Bardo reenacted the scene where he pulled the gun from his bag and shot her in the chest. Then, he described what happened afterward: “She was just screaming. She was going: ‘Why, why?'”

He even considered shooting himself right there: “I was still fumbling around, thinking I should blow my head off and fall on her.”

Bardo explained to Dietz during that interview how the U2 song, “Exit,” was an inspiration to him.

When the defense played the song in the courtroom, it completely transformed Robert John Bardo who had otherwise sat motionless throughout the trial. On hearing the song, he began to bang his knee as if it were a drum and bobbed his head to the rhythm of the music.

Bardo did also eventually express remorse over what he had done.

“I really feel kind of guilty about all that’s happened. My feelings for her were uncontrollable. I was a fan of hers and I may have carried it too far.”

He went on to say: “But I loved her… If it wasn’t for my obsession, I’d be law-abiding. But Hollywood is a very seductive place. There are a lot of lonely people out there seduced by the glamour.”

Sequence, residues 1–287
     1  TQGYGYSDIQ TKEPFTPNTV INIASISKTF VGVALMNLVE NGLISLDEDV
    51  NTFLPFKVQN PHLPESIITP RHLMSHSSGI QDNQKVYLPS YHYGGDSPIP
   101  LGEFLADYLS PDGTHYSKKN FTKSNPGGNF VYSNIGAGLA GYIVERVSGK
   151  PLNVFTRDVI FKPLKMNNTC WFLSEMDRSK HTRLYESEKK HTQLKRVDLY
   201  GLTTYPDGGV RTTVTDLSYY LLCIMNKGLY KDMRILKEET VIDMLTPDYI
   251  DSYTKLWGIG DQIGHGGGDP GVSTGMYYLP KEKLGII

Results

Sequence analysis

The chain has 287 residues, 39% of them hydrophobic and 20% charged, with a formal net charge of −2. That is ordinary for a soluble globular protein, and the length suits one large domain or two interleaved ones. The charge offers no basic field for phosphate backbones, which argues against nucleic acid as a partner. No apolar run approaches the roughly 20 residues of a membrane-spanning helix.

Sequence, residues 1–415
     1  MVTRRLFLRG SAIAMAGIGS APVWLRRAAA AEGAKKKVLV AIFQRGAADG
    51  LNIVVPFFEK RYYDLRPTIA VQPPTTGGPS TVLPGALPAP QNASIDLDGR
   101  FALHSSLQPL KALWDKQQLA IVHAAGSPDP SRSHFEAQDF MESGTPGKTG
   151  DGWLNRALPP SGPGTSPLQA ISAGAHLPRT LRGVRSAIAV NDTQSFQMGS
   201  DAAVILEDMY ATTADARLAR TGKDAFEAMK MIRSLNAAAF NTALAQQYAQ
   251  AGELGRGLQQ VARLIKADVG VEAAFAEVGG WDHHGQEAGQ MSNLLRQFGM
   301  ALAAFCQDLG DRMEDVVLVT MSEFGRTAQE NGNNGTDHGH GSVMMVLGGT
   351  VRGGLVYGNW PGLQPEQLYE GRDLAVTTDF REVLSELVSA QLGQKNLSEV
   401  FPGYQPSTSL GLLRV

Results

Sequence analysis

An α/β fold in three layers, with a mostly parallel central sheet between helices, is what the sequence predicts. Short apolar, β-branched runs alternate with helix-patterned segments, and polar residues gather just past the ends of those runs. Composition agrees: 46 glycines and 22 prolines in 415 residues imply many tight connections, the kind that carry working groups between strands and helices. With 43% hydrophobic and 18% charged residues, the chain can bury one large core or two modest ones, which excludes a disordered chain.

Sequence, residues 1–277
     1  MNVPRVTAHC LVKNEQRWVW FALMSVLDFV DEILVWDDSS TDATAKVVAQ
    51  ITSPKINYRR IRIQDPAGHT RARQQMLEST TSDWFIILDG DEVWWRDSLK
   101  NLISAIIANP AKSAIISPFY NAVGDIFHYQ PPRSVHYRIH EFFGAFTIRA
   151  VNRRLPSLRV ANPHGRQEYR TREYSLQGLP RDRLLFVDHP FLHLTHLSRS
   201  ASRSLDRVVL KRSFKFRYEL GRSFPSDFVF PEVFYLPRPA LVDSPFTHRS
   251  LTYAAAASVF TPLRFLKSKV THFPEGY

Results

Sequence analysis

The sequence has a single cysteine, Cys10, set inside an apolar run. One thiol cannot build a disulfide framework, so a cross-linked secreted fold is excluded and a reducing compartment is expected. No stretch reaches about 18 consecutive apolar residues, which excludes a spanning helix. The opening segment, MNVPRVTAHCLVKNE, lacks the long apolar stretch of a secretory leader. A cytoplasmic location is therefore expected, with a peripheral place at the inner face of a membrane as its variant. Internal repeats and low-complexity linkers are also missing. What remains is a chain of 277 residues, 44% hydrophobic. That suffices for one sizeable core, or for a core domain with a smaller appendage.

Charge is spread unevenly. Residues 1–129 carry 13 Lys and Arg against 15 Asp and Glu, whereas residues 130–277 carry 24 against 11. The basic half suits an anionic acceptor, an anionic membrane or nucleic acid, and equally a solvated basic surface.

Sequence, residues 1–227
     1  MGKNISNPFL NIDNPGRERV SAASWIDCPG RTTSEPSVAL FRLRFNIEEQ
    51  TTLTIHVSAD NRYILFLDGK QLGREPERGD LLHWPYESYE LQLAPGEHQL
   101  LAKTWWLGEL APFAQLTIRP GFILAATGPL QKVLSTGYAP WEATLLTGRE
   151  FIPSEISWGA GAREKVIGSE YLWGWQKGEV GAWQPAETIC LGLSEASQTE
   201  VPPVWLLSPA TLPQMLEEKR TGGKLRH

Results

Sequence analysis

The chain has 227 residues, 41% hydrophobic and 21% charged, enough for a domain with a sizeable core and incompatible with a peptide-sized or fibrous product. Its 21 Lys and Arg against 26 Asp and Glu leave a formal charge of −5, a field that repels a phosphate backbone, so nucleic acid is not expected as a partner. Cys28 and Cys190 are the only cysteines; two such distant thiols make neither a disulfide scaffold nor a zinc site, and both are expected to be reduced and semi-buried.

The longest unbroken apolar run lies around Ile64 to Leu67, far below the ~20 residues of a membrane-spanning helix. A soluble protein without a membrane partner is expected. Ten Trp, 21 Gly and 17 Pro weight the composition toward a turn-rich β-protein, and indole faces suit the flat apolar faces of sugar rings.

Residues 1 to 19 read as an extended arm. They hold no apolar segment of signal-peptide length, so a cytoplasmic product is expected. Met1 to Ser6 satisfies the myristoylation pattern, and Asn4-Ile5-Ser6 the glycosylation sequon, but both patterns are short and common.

Robert John Bardo’s Imprisonment And Life Today

Robert Bardo On Trial

MurderpediaRobert John Bardo’s defense team hoped to show that he was too mentally unstable to have premeditated the murder of Schaeffer. The court didn’t buy it.

In a last-ditch effort to convince Judge Fulgoni that Robert John Bardo was mentally ill, Stephen Galindo said:

“Rebecca Schaeffer is a victim in the true sense of the word. But Robert Bardo is also a victim – a victim of parental neglect and a mental health system which failed to provide the treatment he needed.”

Judge Fulgoni, however, was not swayed. He obviously was more convinced by the argument made by prosecutor Marcia Clark, who claimed Bardo was, in fact, in control of his actions.

Clark argued that Bardo’s mental illness did not prevent him from committing a murder that required “carefully controlled, methodical planning.”